Growing with greenhouses is a sure way to extend your season. In our northern climate, we use greenhouses to get prime veggies to market before any of our competitors in the spring and have an extended fall season, growing up to Christmas and beyond. Without greenhouses our season would be over at the end of October and not start up again before mid-April. As it is, we take three weeks off for the winter holidays and then are back to it by mid-January!
Growing over 4 Seasons
We grow over 4 seasons. In the winter we heat minimally and grow mostly hardy greens. In the spring we get our “prime” crops into the greenhouses as early as we can, aiming for tomato and eggplant transplants for mid-March. In the fall we use two of the greenhouses to extend the season of our summer crops (taking our tomatoes out at the beginning of November!) and two greenhouses are flipped at the end of August for winter cultures that need some time to grow (such as kale and swiss chard) before the sun nearly disappears.
Accounting for Uncertain Climate Future
Needless to say, we are in a climate crisis with plenty of unknown variables coming our way. We might have longer winters, hotter summers, more/less wind, and rain. We have to be prepared for a variety of changes that we will have to deal with. Greenhouse growing is at least one small way that we can control the climate for our plants. By growing in a greenhouse, you are nearly guaranteeing that you will have the same offer for your customers year after year, week after week. This not only touches on season extension, as one year snow could start falling three weeks earlier than usual or 2 weeks later, but also on customer satisfaction.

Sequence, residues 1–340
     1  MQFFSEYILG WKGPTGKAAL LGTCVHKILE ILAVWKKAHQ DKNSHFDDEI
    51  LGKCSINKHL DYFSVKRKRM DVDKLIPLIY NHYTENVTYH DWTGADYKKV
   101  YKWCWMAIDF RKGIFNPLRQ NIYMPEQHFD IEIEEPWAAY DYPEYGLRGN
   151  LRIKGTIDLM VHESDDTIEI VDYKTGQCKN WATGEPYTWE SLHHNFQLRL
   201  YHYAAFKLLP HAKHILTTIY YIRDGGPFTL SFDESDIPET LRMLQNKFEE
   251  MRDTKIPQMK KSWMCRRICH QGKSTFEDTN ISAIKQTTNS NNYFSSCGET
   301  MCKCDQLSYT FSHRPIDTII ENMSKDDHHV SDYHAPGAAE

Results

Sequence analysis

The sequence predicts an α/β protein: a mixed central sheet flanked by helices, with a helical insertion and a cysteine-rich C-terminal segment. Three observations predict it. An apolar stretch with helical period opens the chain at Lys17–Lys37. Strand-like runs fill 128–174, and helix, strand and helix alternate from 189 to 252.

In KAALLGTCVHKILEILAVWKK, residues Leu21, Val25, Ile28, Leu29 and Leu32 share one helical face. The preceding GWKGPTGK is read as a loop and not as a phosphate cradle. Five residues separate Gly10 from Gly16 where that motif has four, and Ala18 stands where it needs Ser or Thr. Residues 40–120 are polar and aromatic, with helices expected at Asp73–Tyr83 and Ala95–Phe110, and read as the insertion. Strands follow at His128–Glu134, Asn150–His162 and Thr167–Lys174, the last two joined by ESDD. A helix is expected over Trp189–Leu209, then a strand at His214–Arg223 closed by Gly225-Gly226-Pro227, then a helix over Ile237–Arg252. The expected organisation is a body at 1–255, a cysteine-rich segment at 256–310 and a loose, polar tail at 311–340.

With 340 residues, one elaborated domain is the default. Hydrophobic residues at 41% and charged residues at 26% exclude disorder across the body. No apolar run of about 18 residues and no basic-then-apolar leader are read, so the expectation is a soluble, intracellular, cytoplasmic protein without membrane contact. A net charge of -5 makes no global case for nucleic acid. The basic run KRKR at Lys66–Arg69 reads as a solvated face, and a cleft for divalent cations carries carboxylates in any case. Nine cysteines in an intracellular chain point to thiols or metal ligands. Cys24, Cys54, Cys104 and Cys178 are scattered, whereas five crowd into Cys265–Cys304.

Does the Infrastructure Change for Winter Growing?
We use the same systems year-round; we are not using LED lights, C02 generators, or any other kind of equipment needed to grow heat-loving crops during winter. Instead, we choose the right crops with the right cultivars, then we heat minimally and harden off the plants in the fall. We use row covers overnight and take them off on sunny days to maximize growth. Everything does grow slower, which is why it is essential to cut back on your CSA offer and to take longer coffee breaks.
Client Loyalty with Season Extension
In our experience, if you are the first person to bring a given product to market, your clients won’t forget, and you will become their farm stand for the whole season. With that experience in mind, we try to bring the “Primeur” (early vegetables) of profitable crops such as tomatoes, beans, and cucumbers to market first. When you are offering people this kind of variety at the beginning of May, especially in a northern climate where customers are craving fresh local produce, you get a lot of buzz around your market stall.
Different Time Management
Without a doubt, one of the perks of a market garden is the option of having an extended break at the end of your very busy season. Even though we do grow throughout the winter and need to prepare a lot of crops in the nursery in advance, the winter team is cut in 3 for the farm’s maintenance and harvests. So, although we are not at a standstill, we significantly slow down and there is time to rest and enjoy the winter before the season starts up in full swing at the beginning of April.
Want to Learn More before Making any Decisions Regarding Your Greenhouse?
Growing with greenhouses is a sure way to extend your season. We have prepared a series of articles that will help you expand your knowledge on the topic of greenhouse installation so that this endeavor can be more enjoyable and less overwhelming.
We invite you to check out the following articles:
- Five Investments to Improve Your Greenhouse Production
- Four Factors You Must Consider Before Buying a Greenhouse
- How To Properly Ventilate Your Greenhouse and Why this is Essential in Your Success
- What is the Most Efficient Way to Heat Your Greenhouse?
- Should You Consider Automatization to Increase Your Greenhouse Yields?